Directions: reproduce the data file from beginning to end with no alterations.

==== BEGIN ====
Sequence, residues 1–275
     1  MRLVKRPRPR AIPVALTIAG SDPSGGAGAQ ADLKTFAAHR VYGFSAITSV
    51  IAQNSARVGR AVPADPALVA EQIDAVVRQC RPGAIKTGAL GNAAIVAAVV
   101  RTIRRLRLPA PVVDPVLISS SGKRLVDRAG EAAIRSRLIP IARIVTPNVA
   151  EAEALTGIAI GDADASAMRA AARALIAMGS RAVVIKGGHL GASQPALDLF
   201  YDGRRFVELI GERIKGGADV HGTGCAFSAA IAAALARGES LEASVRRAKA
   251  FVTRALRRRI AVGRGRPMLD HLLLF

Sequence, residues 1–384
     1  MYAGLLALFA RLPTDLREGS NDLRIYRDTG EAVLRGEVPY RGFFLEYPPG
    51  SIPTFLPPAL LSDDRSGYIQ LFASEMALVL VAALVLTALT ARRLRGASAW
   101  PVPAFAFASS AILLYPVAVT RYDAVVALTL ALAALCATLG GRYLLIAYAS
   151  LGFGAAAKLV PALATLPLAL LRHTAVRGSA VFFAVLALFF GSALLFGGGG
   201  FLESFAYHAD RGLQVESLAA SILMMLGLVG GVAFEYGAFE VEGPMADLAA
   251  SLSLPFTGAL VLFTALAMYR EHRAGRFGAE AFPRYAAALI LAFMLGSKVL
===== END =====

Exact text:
Sequence, residues 1–275
     1  MRLVKRPRPR AIPVALTIAG SDPSGGAGAQ ADLKTFAAHR VYGFSAITSV
    51  IAQNSARVGR AVPADPALVA EQIDAVVRQC RPGAIKTGAL GNAAIVAAVV
   101  RTIRRLRLPA PVVDPVLISS SGKRLVDRAG EAAIRSRLIP IARIVTPNVA
   151  EAEALTGIAI GDADASAMRA AARALIAMGS RAVVIKGGHL GASQPALDLF
   201  YDGRRFVELI GERIKGGADV HGTGCAFSAA IAAALARGES LEASVRRAKA
   251  FVTRALRRRI AVGRGRPMLD HLLLF

Sequence, residues 1–384
     1  MYAGLLALFA RLPTDLREGS NDLRIYRDTG EAVLRGEVPY RGFFLEYPPG
    51  SIPTFLPPAL LSDDRSGYIQ LFASEMALVL VAALVLTALT ARRLRGASAW
   101  PVPAFAFASS AILLYPVAVT RYDAVVALTL ALAALCATLG GRYLLIAYAS
   151  LGFGAAAKLV PALATLPLAL LRHTAVRGSA VFFAVLALFF GSALLFGGGG
   201  FLESFAYHAD RGLQVESLAA SILMMLGLVG GVAFEYGAFE VEGPMADLAA
   251  SLSLPFTGAL VLFTALAMYR EHRAGRFGAE AFPRYAAALI LAFMLGSKVL